3 ways artificial intelligence could boost your cybersecurity

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This article is brought to you thanks to the collaboration of The European Sting with the World Economic Forum.

Author: Natasa Perucica, Research and Analysis Specialist, Cybersecurity Industry Solutions, World Economic Forum & Dmitry Samartsev, Chief Executive Officer, BI.ZONE


  • Cybersecurity issues are widely seen as the greatest risk to company growth in the next three years.
  • There is a global shortage of suitably trained and qualified people to work in cybersecurity.
  • Artificial Intelligence (AI) could improve cybersecurity by identifying suspicious behaviour, predicting cyberattacks and keeping data secure.

According to the World Economic Forum Global Cybersecurity Outlook 2022 report, 48% of executives believe that artificial intelligence (AI) will influence cyber transformation in the next two years. AI is a powerful tool for both cybercriminals and cybersecurity experts. Hackers are using AI to make their attacks more sophisticated and harder to detect, while cybersecurity specialists are finding ways of integrating AI into corporate cybersecurity systems to minimize financial and reputational losses.

A survey of the CEOs of the world`s 500 most influential companies across 11 industries found that cybersecurity issues will be the greatest risk to company growth in the next three years. This is unsurprising, given the broader threat landscape and the global lack of cybersecurity staff, as well as the increasing frequency and severity of cyber attacks. In the face of such challenges, AI could be a game-changer.

Here’s how AI could improve cybersecurity:

Mitigating cyber threats

AI technology could help businesses to detect cyber attacks, by identifying vulnerabilities and suspicious behaviour. Currently 91% of cyberattacks do not generate an alert, and companies take on average 207 days to identify and 73 days to contain a breach. AI can analyse events rapidly, helping cybersecurity teams to keep pace with risks and associated financial and reputational losses.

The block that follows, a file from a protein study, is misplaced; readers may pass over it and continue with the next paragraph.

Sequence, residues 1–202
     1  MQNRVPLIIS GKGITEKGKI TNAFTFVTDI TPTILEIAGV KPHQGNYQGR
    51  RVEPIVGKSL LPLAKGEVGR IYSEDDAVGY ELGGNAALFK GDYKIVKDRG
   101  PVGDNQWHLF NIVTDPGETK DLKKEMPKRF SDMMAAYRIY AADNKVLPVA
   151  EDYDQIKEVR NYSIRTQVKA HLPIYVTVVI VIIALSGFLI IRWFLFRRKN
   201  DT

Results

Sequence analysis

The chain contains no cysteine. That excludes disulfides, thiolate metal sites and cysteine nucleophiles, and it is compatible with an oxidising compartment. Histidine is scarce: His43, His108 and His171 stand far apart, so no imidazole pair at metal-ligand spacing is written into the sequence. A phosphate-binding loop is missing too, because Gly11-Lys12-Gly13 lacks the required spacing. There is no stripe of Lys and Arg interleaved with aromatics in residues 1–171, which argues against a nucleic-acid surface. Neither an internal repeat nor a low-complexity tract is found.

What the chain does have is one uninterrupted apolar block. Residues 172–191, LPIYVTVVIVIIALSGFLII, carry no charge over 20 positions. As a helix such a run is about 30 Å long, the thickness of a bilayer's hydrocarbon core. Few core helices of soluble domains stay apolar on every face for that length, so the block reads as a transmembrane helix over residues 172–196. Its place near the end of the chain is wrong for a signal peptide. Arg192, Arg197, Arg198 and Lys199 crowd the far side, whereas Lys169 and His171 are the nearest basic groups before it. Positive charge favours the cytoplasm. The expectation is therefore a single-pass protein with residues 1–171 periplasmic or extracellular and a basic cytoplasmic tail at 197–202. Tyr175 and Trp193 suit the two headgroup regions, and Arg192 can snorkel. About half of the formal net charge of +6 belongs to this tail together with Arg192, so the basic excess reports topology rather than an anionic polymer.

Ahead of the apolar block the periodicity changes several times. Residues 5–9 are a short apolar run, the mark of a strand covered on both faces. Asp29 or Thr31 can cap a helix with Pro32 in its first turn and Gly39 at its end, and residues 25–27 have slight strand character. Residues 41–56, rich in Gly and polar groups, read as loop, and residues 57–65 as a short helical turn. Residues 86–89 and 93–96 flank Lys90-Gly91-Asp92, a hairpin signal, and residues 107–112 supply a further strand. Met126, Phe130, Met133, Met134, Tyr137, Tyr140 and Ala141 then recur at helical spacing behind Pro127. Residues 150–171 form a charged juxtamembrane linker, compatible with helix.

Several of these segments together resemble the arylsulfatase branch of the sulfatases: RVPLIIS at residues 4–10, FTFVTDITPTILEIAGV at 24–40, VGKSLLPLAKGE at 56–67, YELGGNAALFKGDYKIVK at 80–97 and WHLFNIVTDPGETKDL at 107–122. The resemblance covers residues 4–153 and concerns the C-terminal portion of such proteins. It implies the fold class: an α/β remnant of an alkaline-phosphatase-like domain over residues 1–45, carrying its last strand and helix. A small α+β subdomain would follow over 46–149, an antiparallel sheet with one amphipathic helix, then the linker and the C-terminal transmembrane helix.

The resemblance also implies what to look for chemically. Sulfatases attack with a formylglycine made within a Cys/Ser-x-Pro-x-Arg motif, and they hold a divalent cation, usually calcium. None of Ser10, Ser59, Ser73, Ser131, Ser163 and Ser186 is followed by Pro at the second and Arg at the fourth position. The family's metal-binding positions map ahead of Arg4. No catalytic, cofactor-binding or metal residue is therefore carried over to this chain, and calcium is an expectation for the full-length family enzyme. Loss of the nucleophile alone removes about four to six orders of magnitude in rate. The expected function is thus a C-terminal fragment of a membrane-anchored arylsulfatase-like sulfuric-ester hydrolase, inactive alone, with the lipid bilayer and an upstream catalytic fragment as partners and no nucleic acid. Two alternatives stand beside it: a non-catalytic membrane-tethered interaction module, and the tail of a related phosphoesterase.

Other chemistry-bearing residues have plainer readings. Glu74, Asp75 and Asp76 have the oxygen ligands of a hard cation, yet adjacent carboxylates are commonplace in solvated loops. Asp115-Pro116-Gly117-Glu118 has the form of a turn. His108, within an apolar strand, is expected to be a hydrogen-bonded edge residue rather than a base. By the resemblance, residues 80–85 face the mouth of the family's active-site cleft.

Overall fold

AI can help to predict cyber threats. For example, financial institutions have anti-fraud systems that use algorithms to scan through large pools of data, identify patterns of typical behaviour, and make predictions of potential fraud.Such insights can feed directly into the development of systems to prevent cyber attacks. These systems are also becoming a must-have for marketplaces, airlines and all companies with customer loyalty programs.

Finally, AI can help to support under-resourced security teams. One of the biggest challenges in cybersecurity is a shortage of suitably trained and qualified workers, estimated at 2.72 million globally. According to a recent study, 57% of organizations were affected by this in 2021. As cyber risks multiply, these understaffed teams often face high levels of stress, which in turn affects their ability to react and respond to threats.

A survey of the CEOs of the world`s 500 most influential companies across 11 industries found that cybersecurity will be the greatest risk to company growth in the next three years
A survey of the CEOs of the world`s 500 most influential companies across 11 industries found that cybersecurity will be the greatest risk to company growth in the next three years Image: KPMG

There are multiple reasons for the shortage, including high levels of stress experienced by understaffed cybersecurity teams. AI can help by using algorithms to monitor incidents across the system and flag cyber threats that require immediate action. Businesses can also use the technology to speed up the creation of virtual patches and devise appropriate responses to cyber attacks.

Data security

In the period 2020-2021, the cost of data breaches increased by 10% from $3.86 million to $4.24 million. Aside from the high financial penalties, such breaches put businesses and their customers at risk, and raise serious legal issues and implications. Organizations that have security AI and automation in place experience lower data breach costs in comparison to those that do not.

Organizations can use AI technology to strengthen their data governance process. For example, AI can sift through a variety of sources to identify sensitive data which businesses can then anonymize, remove, encrypt or protect in other ways from any external or internal threats. Such uses of data allow businesses to handle confidential information securely and comply with privacy standards and regulations such as the GDPR. Similarly, AI can create synthetic data, to create scenarios and forecast future cyber exposures.

AI-powered biometric authentication

AI is also taking biometrics to a new level. For example, facial recognition metrics always vary – there can be a different angle of head tilt, different distance between features, lighting, or facial expression. The same applies to voice recognition and other biometrics. It is impossible to set fixed rules of recognition, so AI analyzes these deviations of metrics within the specified ranges, makes decisions accordingly and learns continously. AI can also help to identify users and differentiate them from bots and automatic attacks, by analysing unique behavioral biometrics such as keystroke, scroll and swipe patterns.

As we look ahead, AI could open even more opportunities to businesses in terms of security. To resist cyberthreats successfully, businesses need to be one step ahead of the criminals.

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